Choose a LUN type

Finally, we set up how we want the LUN to be configured, such as the LUN name, if it will be Thin Provisioned, which volume we are going to store it on within the NAS, and how large the LUN will be.  I went with 500 GB for the example.

Set up iSCSI LUN Properties

Once you are happy with everything you can hit next and you’ll see a summary of your choices, if all looks as it should you can press Apply and your iSCSI target will be configured and you can then move on to the next phase, of setting up the iSCSI connection on the RHEL server.

Setting up the iSCSI connection on a RHEL Server

We need to first ensure we have all the required packages.  Do so with a yum command:

# yum install iscsi-initiator-utils lsscsi

We need to discover our target, so we need to run the command:

# iscsiadm -m discovery -t sendtargets -p --discover
iscsiadm mode discovery

The portal IP is the IP of your Synology NAS (or any server you are running your iSCSI Target on).

Next, we can issue the command:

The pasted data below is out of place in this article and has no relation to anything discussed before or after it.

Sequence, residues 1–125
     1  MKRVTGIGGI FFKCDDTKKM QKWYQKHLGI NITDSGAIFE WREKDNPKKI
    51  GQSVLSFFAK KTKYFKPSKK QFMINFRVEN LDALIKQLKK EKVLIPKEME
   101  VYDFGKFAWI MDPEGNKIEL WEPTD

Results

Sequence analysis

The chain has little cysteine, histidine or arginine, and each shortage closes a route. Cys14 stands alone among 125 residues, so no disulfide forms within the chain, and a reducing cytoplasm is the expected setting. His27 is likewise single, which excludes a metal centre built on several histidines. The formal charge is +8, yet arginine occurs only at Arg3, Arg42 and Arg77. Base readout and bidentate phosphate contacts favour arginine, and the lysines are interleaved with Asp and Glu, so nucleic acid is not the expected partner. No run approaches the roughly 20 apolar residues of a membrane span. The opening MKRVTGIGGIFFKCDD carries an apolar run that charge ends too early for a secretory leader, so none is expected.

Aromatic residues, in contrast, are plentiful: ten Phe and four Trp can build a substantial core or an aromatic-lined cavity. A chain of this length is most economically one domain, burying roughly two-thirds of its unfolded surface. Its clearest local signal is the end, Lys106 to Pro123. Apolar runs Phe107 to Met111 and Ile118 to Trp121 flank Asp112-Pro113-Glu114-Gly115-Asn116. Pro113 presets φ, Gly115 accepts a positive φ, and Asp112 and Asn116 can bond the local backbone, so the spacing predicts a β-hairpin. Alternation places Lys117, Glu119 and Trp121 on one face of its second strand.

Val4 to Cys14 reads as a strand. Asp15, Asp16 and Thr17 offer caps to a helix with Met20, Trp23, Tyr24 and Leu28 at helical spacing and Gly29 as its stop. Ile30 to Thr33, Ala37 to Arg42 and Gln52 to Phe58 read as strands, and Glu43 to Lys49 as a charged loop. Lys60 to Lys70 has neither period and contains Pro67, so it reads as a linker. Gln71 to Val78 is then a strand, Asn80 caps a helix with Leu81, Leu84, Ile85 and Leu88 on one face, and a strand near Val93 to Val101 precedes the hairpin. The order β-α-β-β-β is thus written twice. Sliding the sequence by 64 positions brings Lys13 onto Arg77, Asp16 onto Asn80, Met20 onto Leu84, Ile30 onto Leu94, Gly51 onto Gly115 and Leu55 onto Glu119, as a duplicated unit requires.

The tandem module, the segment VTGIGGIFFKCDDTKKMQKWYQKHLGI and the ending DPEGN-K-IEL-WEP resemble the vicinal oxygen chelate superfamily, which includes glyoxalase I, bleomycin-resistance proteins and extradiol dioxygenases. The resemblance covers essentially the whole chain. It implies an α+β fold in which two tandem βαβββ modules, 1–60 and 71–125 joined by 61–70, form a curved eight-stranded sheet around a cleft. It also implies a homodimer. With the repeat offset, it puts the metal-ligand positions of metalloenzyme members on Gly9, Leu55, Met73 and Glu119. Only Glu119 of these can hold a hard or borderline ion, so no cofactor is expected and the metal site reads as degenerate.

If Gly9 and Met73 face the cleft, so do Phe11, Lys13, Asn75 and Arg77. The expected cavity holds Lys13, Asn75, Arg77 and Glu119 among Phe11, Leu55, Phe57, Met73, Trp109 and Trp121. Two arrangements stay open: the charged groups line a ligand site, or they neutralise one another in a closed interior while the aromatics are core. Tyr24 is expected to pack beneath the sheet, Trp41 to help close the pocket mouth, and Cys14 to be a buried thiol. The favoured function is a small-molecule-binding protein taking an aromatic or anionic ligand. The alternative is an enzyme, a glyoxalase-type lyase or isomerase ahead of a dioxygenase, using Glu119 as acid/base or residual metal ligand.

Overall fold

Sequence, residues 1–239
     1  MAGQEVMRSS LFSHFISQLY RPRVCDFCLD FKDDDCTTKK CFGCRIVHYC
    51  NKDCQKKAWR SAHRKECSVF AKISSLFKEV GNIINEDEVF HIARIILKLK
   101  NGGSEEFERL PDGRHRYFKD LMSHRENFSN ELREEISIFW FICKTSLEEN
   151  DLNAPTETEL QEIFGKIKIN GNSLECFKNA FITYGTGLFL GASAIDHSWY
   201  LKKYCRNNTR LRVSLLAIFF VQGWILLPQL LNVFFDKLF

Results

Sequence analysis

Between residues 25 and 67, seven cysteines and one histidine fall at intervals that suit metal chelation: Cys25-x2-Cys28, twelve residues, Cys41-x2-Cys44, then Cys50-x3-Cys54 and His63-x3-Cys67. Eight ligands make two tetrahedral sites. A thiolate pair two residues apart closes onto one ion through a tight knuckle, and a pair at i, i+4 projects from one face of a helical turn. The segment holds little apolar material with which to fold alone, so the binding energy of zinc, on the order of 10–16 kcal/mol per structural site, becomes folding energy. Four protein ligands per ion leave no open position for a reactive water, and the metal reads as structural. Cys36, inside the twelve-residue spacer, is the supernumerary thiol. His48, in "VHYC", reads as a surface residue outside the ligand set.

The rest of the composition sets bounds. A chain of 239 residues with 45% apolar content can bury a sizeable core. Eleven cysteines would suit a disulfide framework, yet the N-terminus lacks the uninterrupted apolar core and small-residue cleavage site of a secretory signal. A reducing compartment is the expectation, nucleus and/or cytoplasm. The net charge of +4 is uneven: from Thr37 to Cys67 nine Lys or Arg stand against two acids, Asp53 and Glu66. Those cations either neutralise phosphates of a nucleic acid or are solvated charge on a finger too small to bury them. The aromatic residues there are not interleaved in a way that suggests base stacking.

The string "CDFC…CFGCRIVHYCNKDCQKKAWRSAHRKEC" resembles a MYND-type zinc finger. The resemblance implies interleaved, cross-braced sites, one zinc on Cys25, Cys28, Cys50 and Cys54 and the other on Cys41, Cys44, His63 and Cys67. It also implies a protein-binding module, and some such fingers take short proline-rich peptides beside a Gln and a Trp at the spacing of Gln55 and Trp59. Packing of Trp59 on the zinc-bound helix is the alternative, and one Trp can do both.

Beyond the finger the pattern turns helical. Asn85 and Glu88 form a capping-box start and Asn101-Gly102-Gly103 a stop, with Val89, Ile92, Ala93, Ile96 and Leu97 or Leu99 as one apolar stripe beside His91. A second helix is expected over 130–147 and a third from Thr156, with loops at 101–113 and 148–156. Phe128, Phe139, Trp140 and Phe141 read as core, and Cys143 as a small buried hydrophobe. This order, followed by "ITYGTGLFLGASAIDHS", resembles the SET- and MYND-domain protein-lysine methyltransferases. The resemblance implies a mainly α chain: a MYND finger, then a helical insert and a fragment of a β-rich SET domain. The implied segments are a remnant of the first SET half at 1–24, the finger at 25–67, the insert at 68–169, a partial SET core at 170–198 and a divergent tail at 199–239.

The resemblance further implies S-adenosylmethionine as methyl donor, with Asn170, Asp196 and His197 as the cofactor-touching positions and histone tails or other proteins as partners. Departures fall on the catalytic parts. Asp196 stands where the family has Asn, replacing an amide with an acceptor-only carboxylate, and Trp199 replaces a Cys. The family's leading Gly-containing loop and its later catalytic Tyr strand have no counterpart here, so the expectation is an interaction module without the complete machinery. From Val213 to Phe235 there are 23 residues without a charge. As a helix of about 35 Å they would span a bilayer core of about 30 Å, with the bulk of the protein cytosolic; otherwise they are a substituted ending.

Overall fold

# iscsiadm -m node --targetname --portal --login
iscsiadm --mode node --targetname --portal --login

The iSCSI device should now be available.  You can verify by typing lsscsi and then to see all disks:

# iscsiadm -m session -P3
iscsiadm -m session -P3

We will need to put a file system on our device now, so run lsblk from the command line to see your devices.  For my system the new device was on /dev/sdb.  I went with XFS for my file system as I wasn’t going to have multiple systems trying to write to it at the same time.

# mkfs -t xfs /dev/sdb
# blkid /dev/sdb

The above command will give you the UUID number of the device which you can then use in fstab.

# vim /etc/fstab

Add the UUID number with the options of :

/SynologyNAS      xfs     _netdev    0 2